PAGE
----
By Brad Foster
There will be gaol time for the individuals involved in the alleged $40 million fraud of NAB – an ex-staffer and an external event supplier – but what lessons are there so that it won’t happen again?
Some wonder why companies put out tenders for events until something like this happens.
In 2018 police conducted raids at the North Shore office of event management company, Human Group, an accountant’s office, and the residence of the Human Group director, Helen Rosamond, following tip-offs from a whistleblower within NAB.
It is alleged that Human Group submitted inflated invoices to the bank for more than a decade that were approved by somebody working within NAB.
That individual is alleged to have been Rosemary Rogers, the now ex chief of staff of the ex CEO of NAB, Andrew Thorburn. She flew to Sydney in March to meet detectives and was charged with dishonestly obtaining a financial advantage by deception and 56 counts of corruptly receiving a benefit.
As well as allegedly approving the inflated invoices, it is claimed Rogers received kick-backs from the Human Group in the millions of dollars.
As one experienced business event practitioner tells micenet, this is a classic case where a company has forgotten the basic checks and balances within their organisation.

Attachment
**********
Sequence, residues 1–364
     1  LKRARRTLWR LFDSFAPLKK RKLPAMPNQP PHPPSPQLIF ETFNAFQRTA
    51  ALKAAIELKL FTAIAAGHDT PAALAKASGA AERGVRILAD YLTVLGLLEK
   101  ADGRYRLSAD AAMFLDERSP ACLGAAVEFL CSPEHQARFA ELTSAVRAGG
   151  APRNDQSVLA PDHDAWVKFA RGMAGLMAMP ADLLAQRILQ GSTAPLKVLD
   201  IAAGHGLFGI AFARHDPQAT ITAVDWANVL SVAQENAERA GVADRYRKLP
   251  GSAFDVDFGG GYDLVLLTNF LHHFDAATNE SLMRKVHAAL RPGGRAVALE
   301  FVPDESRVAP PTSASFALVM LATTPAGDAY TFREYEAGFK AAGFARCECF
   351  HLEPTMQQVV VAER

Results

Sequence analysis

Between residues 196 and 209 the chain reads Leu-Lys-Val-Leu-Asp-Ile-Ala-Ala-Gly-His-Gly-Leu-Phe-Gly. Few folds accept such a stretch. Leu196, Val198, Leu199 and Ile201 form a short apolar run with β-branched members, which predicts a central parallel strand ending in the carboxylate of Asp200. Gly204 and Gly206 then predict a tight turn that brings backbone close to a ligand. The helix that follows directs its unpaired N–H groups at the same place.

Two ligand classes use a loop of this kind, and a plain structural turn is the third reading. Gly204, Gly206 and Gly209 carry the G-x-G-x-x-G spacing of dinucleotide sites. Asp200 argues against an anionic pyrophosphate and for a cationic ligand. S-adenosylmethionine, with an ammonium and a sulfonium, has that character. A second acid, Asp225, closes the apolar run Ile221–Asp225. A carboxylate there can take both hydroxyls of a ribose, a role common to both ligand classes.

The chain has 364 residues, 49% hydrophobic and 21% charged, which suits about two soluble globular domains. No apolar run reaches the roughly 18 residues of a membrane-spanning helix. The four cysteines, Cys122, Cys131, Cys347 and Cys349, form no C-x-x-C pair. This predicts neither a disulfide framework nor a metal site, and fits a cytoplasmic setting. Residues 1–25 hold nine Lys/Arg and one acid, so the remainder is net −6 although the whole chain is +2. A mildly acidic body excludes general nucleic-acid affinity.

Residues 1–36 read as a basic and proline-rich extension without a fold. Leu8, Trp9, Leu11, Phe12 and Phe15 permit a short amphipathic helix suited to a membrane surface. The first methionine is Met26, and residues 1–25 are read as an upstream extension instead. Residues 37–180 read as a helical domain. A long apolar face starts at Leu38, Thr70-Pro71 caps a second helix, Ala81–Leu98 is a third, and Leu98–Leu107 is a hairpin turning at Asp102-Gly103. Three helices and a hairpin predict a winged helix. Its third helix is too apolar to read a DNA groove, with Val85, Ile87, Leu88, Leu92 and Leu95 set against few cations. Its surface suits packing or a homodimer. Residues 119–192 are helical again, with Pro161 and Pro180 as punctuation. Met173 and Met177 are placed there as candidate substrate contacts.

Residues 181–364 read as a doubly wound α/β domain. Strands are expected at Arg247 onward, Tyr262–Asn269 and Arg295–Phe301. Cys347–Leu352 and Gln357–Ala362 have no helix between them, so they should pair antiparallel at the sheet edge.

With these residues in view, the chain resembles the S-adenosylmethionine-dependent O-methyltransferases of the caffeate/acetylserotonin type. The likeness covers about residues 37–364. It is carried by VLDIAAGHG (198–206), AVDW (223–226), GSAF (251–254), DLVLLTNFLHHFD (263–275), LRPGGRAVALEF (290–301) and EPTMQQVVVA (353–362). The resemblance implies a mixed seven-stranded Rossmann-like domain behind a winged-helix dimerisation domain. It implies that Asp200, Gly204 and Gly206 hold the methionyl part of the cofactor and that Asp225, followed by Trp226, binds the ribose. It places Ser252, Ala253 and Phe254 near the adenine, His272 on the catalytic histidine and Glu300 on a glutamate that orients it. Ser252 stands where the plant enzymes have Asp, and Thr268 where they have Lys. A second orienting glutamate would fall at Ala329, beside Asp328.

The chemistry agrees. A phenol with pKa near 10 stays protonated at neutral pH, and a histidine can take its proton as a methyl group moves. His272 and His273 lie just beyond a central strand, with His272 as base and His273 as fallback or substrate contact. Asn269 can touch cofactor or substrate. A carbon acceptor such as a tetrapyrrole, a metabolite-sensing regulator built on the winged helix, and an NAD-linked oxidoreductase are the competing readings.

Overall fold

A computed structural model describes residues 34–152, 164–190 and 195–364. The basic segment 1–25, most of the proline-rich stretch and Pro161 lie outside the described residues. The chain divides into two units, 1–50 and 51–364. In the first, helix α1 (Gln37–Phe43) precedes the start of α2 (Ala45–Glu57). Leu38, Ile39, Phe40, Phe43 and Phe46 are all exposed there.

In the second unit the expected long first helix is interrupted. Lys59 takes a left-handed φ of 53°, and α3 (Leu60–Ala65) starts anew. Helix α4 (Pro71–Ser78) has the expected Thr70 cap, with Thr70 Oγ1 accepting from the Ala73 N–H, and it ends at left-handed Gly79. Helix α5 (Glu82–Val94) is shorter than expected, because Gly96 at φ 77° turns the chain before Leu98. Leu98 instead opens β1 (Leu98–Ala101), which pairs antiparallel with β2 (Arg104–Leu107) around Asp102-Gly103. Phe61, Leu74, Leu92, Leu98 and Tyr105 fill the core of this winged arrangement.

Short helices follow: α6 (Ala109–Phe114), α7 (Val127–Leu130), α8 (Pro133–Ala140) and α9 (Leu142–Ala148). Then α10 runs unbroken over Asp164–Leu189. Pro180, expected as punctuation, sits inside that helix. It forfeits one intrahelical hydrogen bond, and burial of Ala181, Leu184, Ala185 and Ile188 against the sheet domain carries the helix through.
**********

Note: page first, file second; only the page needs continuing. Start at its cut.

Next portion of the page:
“I am sure there must be procurement rules throughout NAB that staff have to follow in regard to approvals and quotes,” the practitioner said.
“It would be interesting to know if these existed at the top of NAB. They certainly don’t seem to have been followed.
“You should always get competitive tenders on a regular basis however much you may trust a supplier. It is the best way to keep them honest.”
And, we imagine, tendering every three or so years, would also ensure that prices quoted by incumbents are grounded in reality through simple comparison with others.
Our BE practitioner stresses the importance of seeing original third party supplier invoices and ensuring that there are more than one level of checks and balances in place.
This latest NAB case reminds micenet of the sentencing and conviction of Susan Mary Riley in 2009 who defrauded Tourism Whitsundays of almost $360,000 when she was the financial controller of that organisation.
Riley reportedly used money she stole from Tourism Whitsundays for a gambling addiction until the organisation was independently audited and her deception was discovered.
The money she stole was, at the time, equivalent to almost 25 per cent of Tourism Whitsundays’ annual income and resulted in four people being made redundant and the organisation on the brink of collapse.
Following the discovery of Riley’s deception the then Tourism Whitsundays CEO put new policies in place to ensure a similar occurrence could never happen again.
Riley was sentenced to six-and-half years in prison.